One of the most fun and effective methods to catch fish is by sight fishing. I enjoy sight fishing because it adds an extra element to the sport. Rather than blind casting or trolling, you’re making a precise cast to land a lure or bait where the fish will eat. However, sight fishing requires technique, patience, and important gear. Without question, after sight fishing once, you’ll be hooked. So, what is sight fishing? Additionally, learn the key factors to catch more fish. 

What Bodies Of Water Can You Catch Fish Sight Fishing

Without question, you can sight fish in every body of water. I have had the opportunity to catch fish by sight from up in Canada all the way through the Caribbean. Here are the bodies of water where you can catch fish while sightfishing. 


To be honest, I have gone sight fishing along the shorelines of the Great Lakes. However, sight fishing is also possible in lakes measuring a fraction of the size. 

Again, the water visibility is highly variable therefore, your ability to see into the water changes based on the lake. 

Some of the most common sight casted fish include largemouth bass, striped bass, trout, gar, and even the occasional walleye at dusk or dawn. 


One of the most often overlooked areas to sight fish are rivers. I personally have sight fished rivers for both freshwater and saltwater species. 

It should be noted that some rivers are low in visibility as a result of the fast moving water and mud bottoms. Alternatively, others are crystal clear, depending on the location. 

Freshwater anglers often sight cast for bass, gar, and a variety of panfish. Conversely, saltwater anglers in rivers target redfish, shark, including bonnethead, and the occasional sturgeon. 


Without question, trout fishing is a popular sport among anglers in the mountains throughout the southeastern United States. 

Anglers sight fish with fly rods or spinning reels for varieties of trout lurking beneath rocks and in deep pools. Importantly, wadding allows better visibility because you move your location based on lighting. 

Inland Coastal Waters

Sight casting for inshore fish, including redfish, shark, tarpon, snook, and other species, is highly popular among anglers. 

Flats and inshore boats are often fitted with an elevated platform. The elevated platform allows casters or spotters to locate fish as they cruise along the shoreline or open water. 

Open Oceans

Undoubtedly, the open ocean is one of my favorite places to sight fish. I have caught fish by sight, from small center consoles to large sport fishing vessels. 

As you know, the open ocean has an abundance of species, many of which roam the surface. For this reason, sight casting is excellent when it comes to top gamefish, including mahi mahi, tuna, cobia, and more. 

It should be noted that the higher above the surface of the water, the more easy it is to spot lone or schools of fish. I was fortunate to be guiding anglers from towers, keeping them on the schools while they cast. 

Lastly, the water is most often clear, allowing you to spot fish beneath the surface. 

What Is Sight Fishing? Essential Gear And Factors

In order to be more successful at catching fish by sight fishing, you’re going to want to bring along the right gear. Again, sight fishing is spotting a fish, making an accurate cast, luring a strike, and landing the fish. Bring along this essential gear to improve your chances of catching fish.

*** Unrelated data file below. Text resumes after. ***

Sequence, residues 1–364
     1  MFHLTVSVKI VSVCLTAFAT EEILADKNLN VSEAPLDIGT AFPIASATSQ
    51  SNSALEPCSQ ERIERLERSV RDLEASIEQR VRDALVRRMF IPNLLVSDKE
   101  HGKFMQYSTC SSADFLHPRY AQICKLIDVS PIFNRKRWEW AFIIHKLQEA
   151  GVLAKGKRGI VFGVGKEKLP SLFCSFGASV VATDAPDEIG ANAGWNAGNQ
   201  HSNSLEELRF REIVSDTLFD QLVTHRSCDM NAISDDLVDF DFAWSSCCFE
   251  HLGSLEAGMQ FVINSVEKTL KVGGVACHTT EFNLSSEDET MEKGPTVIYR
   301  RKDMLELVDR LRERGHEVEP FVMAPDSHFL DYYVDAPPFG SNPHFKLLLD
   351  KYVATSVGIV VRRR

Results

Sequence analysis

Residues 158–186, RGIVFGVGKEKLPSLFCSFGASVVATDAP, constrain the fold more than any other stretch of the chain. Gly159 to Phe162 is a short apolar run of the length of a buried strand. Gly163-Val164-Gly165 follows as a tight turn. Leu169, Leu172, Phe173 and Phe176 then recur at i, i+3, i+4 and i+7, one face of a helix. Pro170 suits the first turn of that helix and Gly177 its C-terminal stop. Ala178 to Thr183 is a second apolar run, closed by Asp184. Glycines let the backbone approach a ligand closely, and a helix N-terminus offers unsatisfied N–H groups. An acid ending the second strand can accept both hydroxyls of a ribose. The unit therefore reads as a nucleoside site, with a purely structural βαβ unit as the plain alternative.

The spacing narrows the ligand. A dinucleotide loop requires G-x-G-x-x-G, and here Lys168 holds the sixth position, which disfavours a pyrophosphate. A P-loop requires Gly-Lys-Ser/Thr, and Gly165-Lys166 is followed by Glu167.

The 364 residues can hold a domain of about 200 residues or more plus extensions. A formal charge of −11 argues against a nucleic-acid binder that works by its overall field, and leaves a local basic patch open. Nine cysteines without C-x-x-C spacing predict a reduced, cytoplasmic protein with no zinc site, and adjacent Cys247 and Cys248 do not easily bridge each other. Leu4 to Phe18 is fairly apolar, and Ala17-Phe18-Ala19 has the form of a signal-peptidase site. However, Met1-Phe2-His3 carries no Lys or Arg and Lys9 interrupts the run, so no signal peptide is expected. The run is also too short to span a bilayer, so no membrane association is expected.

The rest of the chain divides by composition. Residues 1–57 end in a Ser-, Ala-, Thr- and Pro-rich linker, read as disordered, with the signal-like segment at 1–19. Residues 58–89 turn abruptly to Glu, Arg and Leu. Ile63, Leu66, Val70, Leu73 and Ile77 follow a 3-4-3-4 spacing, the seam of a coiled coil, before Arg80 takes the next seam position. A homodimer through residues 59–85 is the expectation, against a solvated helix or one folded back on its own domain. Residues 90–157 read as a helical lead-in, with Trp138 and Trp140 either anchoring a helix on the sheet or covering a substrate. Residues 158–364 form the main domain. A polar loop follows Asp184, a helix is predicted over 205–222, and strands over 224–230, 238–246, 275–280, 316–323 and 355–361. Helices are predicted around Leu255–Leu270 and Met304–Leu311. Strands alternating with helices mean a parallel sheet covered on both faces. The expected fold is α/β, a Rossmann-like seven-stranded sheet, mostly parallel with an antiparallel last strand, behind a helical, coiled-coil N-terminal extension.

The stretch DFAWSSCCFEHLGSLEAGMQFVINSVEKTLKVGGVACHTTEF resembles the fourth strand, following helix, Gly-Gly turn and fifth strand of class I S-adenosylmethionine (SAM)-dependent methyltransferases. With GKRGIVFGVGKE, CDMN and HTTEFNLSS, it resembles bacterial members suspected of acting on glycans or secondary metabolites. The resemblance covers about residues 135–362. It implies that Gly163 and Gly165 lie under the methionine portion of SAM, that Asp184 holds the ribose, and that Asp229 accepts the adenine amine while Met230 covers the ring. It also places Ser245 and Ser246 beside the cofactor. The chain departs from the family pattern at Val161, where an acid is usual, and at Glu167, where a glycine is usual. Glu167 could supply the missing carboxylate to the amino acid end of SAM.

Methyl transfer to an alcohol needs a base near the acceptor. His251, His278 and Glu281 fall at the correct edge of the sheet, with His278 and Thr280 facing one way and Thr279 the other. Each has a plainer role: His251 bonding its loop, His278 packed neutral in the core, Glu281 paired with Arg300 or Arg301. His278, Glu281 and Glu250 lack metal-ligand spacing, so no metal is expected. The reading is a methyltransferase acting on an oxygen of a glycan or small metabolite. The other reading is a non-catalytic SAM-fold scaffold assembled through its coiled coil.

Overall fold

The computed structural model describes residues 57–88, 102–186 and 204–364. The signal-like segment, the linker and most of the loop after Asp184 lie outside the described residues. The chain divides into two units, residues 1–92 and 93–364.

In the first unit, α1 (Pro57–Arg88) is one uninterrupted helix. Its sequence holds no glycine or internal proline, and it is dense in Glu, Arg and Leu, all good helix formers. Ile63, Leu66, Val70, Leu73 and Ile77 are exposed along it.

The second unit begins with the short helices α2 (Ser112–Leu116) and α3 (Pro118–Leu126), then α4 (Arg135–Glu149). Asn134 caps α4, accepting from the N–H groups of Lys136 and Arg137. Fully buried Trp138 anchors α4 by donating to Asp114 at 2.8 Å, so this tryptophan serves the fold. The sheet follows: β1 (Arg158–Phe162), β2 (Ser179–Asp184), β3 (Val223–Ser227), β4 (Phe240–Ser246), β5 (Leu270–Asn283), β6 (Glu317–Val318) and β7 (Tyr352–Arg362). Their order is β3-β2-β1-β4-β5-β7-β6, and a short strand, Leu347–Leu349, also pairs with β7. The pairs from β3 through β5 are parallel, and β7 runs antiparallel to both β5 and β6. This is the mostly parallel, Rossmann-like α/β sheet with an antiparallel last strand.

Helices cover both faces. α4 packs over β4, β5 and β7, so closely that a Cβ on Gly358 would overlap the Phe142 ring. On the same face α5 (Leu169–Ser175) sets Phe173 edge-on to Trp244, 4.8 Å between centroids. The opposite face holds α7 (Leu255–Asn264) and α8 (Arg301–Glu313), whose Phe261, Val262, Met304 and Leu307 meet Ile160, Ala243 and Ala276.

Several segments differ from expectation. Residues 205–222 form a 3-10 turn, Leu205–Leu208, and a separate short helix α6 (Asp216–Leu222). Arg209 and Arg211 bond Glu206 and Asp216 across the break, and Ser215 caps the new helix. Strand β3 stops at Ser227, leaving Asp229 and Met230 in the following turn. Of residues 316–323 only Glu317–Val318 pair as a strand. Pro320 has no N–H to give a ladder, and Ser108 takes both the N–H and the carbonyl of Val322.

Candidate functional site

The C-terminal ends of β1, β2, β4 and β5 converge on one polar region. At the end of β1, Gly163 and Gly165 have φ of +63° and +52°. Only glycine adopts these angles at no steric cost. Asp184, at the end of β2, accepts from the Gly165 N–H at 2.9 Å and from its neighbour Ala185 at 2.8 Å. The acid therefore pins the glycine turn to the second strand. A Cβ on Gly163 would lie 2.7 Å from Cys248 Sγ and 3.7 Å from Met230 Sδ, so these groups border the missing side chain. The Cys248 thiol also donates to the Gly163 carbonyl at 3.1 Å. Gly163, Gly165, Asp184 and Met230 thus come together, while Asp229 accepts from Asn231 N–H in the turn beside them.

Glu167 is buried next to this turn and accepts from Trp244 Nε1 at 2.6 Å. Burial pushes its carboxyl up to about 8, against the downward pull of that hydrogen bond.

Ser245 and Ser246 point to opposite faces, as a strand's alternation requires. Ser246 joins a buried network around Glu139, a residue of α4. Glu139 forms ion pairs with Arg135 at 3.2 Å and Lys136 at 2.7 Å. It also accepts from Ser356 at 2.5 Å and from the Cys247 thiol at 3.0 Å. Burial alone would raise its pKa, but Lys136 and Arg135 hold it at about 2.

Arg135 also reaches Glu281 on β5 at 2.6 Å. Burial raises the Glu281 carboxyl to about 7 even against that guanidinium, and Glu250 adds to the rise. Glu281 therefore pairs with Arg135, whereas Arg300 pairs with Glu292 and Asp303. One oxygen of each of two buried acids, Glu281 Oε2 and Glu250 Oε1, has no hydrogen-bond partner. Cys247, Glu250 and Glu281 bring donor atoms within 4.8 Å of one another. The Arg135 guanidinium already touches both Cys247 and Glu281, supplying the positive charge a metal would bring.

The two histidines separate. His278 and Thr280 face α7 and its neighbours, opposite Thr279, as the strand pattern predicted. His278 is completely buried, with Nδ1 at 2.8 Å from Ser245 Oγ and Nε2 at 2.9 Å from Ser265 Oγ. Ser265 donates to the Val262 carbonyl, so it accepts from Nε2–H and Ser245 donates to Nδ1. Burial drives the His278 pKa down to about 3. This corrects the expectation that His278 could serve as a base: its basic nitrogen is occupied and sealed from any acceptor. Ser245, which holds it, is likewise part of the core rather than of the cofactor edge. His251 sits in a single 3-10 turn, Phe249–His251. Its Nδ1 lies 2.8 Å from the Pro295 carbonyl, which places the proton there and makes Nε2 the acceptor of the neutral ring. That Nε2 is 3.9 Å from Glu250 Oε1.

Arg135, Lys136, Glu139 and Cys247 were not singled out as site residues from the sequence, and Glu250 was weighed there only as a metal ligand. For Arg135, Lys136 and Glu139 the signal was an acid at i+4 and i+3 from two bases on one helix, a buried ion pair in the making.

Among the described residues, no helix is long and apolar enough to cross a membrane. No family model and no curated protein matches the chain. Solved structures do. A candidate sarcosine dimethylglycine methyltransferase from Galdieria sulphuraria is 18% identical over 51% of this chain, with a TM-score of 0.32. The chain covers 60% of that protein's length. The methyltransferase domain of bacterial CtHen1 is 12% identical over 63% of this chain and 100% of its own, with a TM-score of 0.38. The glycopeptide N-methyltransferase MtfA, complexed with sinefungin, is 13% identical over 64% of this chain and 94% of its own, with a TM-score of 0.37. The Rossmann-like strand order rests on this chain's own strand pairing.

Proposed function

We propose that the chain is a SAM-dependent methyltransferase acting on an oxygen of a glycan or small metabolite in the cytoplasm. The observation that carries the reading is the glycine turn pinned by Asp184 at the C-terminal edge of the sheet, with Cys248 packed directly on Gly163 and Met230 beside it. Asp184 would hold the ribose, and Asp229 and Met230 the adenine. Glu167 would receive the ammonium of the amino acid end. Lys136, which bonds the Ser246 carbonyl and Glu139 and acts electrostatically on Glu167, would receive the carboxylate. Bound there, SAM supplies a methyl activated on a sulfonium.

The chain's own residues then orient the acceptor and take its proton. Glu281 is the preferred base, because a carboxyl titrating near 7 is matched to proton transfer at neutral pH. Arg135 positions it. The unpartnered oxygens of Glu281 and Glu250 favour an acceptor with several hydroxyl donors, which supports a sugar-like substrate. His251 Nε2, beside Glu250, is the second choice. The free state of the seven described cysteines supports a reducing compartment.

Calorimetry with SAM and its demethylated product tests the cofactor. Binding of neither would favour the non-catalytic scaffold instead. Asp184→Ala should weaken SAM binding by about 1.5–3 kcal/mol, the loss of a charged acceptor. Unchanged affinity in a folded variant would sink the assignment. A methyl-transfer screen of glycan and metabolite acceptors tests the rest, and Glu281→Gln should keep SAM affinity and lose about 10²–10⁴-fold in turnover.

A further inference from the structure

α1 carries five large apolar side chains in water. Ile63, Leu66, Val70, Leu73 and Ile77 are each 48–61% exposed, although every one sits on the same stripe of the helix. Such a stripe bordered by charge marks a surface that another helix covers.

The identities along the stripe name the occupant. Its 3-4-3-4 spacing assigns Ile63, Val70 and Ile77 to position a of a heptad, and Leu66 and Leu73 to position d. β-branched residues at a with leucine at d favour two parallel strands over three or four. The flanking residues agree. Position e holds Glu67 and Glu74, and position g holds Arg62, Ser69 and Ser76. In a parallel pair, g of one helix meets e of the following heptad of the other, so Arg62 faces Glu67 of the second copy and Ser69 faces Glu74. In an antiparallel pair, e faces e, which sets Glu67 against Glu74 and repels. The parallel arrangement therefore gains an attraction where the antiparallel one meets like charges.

Polarized Glasses

Without a doubt, glare on the water inhibits the ability to spot fish swimming beneath the surface.

Importantly, the glasses reduce the glare on the surface, which allows you to spot fishing under the top of the water. 

I highly suggest buying a high quality pair of polarized glasses. These include Costa Del Mar or Maui Jim

An Elevated Surface

No matter if you’re sight casting from a boat or from the shore, use elevation to your advantage. Unquestionably, being elevated above the top of the water provides the best position to spot fish.

For this reason, you’ll not only be better able to spot the fish but also make a more precise cast. 

Quality Fishing Rod, Reel, And Line

Don’t expect a good outcome if the line comes off the spool of your reel in a knotted up ball. I recommend ensuring the line flows with ease off the reel compared to becoming a tangled mess.

In addition to avoiding a fishing line birds nest is ensuring the line flows well through the guides. Without a doubt, damaged guides will prevent the line from flowing smoothly during a cast and when retrieving the bait or a fish. 

Lastly, the reel is also a critical component in the equation. Don’t expect to land a fish hooked while sight casting if the reel bearings are at risk of seizing up. In all, make sure your equipment is in good working order. 

Accuracy In Casting

All too often, I have seen anglers make two major mistakes when sight casting. The first is casting and plopping the lure or bait right on top of the fish’s head. Trust me, this won’t work, as it will quickly spook the fish away. 

Secondly, anglers rush the casting process and cast wildly away from the location of the fish. Unfortunately, by the time the angler reels up and makes another attempt, the fish has often moved on. 

With that being said, I recommend becoming comfortable with your gear by practicing casts before sight casting. I used to place a target in a backyard and cast my rod and reel at the target for practice. It sounds funny, I know, but when it comes down to needing precision, it will pay off. 

What Is Sight Fishing? A Lot Goes Into It

Without question, understanding the definition of sight fishing is elementary compared to the overall picture. The necessity of high performing equipment and precise casting skills are critical to land more fish. For this reason, I suggest practicing casting, investing in quality gear, and performing routine maintenance on fishing equipment.